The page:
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Articles Related to Intensive care unit

Profile Clinical, Epidemiological of Patients Subject to Sedestation in Intensive Care Unit

The sedestation is defined as an act of sitting is a useful therapy for physiotherapy, have reported pulmonary effects ranging from increased lung compliance to improvement in oxygenation. There is lack of this study as a single therapy in critically ill patients, showing still not well defined.
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Pulmonary Nocardiosis: A Rare Diagnosis in an Intensive Care Unit

Nocardiosis is an acute, subacute, or chronic bacterial infection that is typically acquired through inhalation and usually presents with pulmonary, central nervous system, and cutaneous manifestations. In critically ill patients, Nocardiosis has an unusually high morbidity and mortality.
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Quality of Life after Accidental Major Vascular Injury and Prolonged ICU Stay - A Case Report

Survival or mortality rate is a reasonable choice of an outcome measure for critically ill patients in intensive care unit (ICU). But it is also important to assess the impact of critical illness and peri-operative complications on health status and quality of life (QoL) after hospital discharge. The QLQ-C30 is a 30-item cancer-specific questionnaire that incorporates five functioning scales (physical, role, cognitive, emotional, and social), eight symptoms scales, perceived financial impact of the disease and a global scale [1-5].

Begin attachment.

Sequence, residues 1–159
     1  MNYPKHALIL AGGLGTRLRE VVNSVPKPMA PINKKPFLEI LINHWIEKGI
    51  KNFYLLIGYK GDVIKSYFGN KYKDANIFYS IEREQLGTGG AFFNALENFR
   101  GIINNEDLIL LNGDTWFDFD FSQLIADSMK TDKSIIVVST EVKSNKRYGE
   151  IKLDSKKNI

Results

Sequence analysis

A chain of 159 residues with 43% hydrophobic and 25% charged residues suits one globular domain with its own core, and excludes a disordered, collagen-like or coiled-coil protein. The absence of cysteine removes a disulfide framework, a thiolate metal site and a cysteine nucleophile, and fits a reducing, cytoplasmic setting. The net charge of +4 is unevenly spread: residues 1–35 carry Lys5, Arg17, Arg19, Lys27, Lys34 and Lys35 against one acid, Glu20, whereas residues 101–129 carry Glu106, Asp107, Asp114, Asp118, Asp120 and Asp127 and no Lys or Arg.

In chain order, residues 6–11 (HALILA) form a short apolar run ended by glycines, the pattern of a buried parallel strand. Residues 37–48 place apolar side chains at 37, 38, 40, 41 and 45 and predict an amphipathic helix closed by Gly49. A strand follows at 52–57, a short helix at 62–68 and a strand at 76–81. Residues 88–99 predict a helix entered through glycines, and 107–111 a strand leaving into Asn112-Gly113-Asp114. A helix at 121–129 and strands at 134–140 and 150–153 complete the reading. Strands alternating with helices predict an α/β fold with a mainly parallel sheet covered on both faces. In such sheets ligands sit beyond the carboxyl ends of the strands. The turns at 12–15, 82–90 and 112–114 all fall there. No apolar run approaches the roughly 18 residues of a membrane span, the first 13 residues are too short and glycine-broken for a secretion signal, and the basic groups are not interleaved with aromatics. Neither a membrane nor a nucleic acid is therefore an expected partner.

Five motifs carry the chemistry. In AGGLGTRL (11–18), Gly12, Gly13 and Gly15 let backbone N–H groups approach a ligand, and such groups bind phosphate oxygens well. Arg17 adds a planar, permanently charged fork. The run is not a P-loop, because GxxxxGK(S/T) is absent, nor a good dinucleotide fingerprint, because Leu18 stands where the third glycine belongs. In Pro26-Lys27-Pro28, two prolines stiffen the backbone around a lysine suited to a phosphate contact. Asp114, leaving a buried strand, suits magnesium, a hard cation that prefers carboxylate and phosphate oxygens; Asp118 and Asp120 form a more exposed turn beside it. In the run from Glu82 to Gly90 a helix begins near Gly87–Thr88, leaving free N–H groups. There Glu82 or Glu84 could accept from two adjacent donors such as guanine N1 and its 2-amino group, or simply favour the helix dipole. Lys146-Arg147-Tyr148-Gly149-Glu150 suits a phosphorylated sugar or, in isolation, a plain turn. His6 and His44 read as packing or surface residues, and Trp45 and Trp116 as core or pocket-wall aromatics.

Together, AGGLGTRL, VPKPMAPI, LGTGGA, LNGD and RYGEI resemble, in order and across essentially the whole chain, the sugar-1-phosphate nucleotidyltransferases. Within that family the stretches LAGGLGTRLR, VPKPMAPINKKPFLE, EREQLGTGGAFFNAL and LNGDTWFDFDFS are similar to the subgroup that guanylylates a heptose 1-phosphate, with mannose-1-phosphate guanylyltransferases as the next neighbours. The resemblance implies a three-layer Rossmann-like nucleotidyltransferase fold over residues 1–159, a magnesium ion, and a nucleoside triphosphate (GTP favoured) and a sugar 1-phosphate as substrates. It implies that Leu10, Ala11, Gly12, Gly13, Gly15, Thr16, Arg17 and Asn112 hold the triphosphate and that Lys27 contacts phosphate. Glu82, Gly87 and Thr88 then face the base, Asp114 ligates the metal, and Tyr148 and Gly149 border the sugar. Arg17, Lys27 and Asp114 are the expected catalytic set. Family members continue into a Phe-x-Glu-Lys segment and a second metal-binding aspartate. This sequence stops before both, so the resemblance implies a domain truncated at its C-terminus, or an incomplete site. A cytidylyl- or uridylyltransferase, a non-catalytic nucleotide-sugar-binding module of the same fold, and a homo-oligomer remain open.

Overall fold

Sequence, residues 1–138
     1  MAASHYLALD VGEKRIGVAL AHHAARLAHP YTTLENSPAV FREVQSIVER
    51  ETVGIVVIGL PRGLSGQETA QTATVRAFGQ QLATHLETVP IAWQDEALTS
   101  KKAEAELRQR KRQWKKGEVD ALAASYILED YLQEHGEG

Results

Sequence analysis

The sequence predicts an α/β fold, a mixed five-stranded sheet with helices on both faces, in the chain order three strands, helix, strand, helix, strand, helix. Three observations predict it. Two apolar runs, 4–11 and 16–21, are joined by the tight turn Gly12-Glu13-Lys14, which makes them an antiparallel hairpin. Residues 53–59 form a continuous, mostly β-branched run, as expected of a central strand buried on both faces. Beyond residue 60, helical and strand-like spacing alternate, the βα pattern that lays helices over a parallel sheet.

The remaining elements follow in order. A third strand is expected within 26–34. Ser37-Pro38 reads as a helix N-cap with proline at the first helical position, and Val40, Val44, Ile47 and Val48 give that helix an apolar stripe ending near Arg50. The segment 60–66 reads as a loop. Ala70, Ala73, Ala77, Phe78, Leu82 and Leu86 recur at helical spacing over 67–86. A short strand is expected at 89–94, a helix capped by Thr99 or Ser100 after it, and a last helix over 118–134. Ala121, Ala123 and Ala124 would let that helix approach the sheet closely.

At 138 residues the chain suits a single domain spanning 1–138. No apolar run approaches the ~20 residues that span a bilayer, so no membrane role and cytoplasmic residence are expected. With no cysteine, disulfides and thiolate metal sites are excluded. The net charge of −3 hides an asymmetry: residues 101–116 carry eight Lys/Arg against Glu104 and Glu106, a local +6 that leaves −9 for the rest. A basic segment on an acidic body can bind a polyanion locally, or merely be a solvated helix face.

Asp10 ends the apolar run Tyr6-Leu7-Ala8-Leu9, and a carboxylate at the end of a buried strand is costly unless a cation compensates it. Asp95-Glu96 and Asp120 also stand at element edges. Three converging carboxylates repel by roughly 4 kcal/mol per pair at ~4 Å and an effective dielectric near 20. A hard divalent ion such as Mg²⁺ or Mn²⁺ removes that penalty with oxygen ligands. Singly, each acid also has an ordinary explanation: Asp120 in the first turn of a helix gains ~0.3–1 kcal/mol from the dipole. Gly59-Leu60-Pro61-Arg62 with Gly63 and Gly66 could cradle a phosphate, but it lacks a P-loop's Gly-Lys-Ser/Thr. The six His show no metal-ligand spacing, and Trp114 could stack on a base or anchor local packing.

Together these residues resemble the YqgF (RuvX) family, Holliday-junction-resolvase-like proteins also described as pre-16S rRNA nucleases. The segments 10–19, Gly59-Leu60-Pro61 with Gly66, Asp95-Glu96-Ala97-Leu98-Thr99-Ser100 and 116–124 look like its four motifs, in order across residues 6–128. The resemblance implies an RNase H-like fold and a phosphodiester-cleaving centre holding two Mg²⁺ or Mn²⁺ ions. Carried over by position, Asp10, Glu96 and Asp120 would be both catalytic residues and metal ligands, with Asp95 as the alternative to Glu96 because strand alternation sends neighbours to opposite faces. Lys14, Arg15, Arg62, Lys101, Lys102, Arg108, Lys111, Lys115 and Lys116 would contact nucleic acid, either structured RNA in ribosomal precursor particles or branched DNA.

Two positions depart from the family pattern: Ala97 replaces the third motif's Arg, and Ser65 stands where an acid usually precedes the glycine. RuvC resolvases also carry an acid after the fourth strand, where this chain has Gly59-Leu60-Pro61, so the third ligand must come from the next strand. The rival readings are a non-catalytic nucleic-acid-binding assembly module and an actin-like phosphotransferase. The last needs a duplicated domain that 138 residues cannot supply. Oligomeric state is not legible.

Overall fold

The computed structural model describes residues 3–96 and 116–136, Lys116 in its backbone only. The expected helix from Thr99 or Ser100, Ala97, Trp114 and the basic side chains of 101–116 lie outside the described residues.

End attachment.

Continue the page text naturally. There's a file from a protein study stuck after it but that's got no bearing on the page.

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Descriptive Study of Exposure to Inhalation Zanamivir and Pregnancy-Related Outcomes

The Health Improvement Network (THIN) provided data from UK General Practitioners (GPs) for 144 pregnant women who were prescribed zanamivir and 144 age- and date-matched untreated comparators with no recorded diagnosis of influenza. Groups were assessed for baseline characteristics, treatment-emergent diagnoses in the mother, pregnancy outcomes and congenital malformations diagnosed in the offspring within 28 days of birth.
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Procalcitonin versus C-Reactive Protein in Neonatal Sepsis

Urinary tract infection (UTI) is the most common serious bacterial infection in febrile children younger than 3 months, with reported rates ranging from 5% to 20% depending on different series. Neonates and infants up to age 2 months who have pyelonephritis usually do not have symptoms localized to the urinary tract.
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Editorial Board Members Related to Intensive care unit

MARCO CARUSELLI

Pediatric Anesthesia and Intensive Care Unit
La Timone Children’s Hospital
France

ZAHID AKHTAR RAO

Associate Professor
Department of Anesthesiology, Pain and Intensive care
Bahria University Medical & Dental College
Pakistan

Theresa Loomis

Director
M.S.Nutrition and Dietetics Program
State University of New York
USA

C spencer yost

Professor of Anesthesia
UCSF School of Medicine
USA
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